a child jumps over a body of water

UNHCR warns of devastating floods in South Sudan following the onset of the wet season

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At the press briefing that was held at the Palais des Nations in Geneva, Andrew Harper, Special Advisor on Climate Action to the United Nations High Commissioner for Refugees warned that when the wet season begins in May, persistent floods and displacement in South Sudan will escalate. To protect already vulnerable populations from the harshest effects, immediate action is required.

In 2021, South Sudan, a vulnerable country grappling with political and economic issues since its independence in 2011, experienced its worst flooding on record. According to the UN Office for Humanitarian Affairs, more than 835,000 people were affected. Overflowing rivers and record rains in the last three years have inundated thousands of hectares of farmland in eight states, preventing people from cultivating. It’s estimated that about 800,000 animals died. This has decimated subsistence farming, which is the lifeblood of most communities and has exacerbated food insecurity.

Thirty-three counties out of 79 have been severely impacted by floodwaters, which have not appreciably decreased since the previous wet season. Thousands of people have been displaced in Jonglei, Unity, and Upper Nile states, while others have been trapped in dike-ringed compounds, keeping back floodwaters with mud, twigs, and plastic sheeting. The upcoming rainy season has the potential to suffocate extremely distant settlements that are already surrounded by floodwater. Extreme climate occurrences will become the norm, not the exception, in the future. Floods and droughts are growing more often and more severe around the world. South Sudan, for example, contributes the least to carbon emissions yet is disproportionately affected.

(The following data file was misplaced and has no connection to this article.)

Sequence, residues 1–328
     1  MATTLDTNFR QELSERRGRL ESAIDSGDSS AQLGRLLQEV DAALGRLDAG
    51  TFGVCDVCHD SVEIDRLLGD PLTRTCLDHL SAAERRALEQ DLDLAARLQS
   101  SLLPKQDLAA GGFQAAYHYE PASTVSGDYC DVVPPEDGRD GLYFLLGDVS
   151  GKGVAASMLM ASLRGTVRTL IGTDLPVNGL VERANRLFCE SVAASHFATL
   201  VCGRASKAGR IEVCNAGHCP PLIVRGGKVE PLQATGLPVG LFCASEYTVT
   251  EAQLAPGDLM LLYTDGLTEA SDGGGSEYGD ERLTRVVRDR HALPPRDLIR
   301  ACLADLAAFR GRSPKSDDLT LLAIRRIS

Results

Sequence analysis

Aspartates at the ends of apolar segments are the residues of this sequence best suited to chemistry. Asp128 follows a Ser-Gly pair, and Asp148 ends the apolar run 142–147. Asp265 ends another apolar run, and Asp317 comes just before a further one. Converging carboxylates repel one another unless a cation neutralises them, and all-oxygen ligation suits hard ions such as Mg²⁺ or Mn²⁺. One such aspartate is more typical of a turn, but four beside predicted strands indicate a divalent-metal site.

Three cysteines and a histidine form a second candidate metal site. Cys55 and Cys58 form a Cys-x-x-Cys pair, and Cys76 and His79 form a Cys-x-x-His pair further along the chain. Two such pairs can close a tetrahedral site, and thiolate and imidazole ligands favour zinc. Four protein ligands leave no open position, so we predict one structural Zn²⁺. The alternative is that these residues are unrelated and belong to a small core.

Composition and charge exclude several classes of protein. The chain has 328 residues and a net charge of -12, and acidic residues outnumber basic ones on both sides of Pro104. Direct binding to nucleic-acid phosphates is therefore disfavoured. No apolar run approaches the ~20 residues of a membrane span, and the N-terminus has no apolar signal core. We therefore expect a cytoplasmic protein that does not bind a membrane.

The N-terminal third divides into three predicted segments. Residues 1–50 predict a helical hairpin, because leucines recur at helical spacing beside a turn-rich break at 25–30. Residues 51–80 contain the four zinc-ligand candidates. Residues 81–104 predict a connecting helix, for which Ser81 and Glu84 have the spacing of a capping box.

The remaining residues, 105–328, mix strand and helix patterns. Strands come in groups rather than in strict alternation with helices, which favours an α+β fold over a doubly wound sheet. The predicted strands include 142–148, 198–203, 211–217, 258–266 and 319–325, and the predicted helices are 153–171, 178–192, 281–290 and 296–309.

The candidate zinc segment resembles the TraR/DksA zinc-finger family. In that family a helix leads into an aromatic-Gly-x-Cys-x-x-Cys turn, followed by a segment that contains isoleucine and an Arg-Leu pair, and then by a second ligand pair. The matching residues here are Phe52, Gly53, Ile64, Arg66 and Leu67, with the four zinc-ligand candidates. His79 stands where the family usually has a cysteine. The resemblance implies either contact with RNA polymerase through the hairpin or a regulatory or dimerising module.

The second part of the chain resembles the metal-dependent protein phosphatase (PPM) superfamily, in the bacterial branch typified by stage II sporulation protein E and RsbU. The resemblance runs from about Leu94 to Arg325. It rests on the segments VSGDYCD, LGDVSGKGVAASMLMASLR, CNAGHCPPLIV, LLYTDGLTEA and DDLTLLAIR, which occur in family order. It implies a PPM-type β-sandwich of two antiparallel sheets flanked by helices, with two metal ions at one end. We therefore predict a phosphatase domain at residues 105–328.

Andrew Harper visited Old Fangak, Malakal, Jamjang, and Bentiu earlier this month on a five-day stay and witnessed the human impact of the water. He also visited Yida refugee camp, which is in the midst of a drought on the polar end of the spectrum. Humanitarian help is hampered by a lack of access to the world’s most vulnerable people. External support is difficult to access in isolated regions, such as Old Fangak, where the previous airport is fully underwater and currently unusable for landing, due to poor or non-existent road infrastructure. Despite several obstacles, inhabitants have been exceedingly generous to those who have been displaced by conflict or severe weather, often giving their meager resources. They do, however, require ongoing assistance in order to avoid catastrophic results.

In Old Fangak, Andrew met a 70-year-old woman who spent her days wading through murky floodwaters, urgently filling a porous earthen levee with twigs and mud to keep water from flooding her family’s modest compound. It’s horrible to witness. Marooned residents of Old Fangkak stated they need water pumps to bail out their premises ahead of the storms. Heavy machinery is also required to construct flood barriers and mounds that will keep their cattle above water.

UNHCR has donated plastic sheets, hoes, spades, and sandbags to help with flood defenses, and is assisting families who have been displaced to Malakal and other places. If help is not increased for the people of South Sudan, the climate disaster, along with continuous insecurity, will severely deplete resources, leaving people without a means of survival. If immediate action is not taken, the price will be tremendous, with grave human repercussions. To avert further losses, improve preparedness, and assure a livable and sustainable future for all, urgent action is needed.


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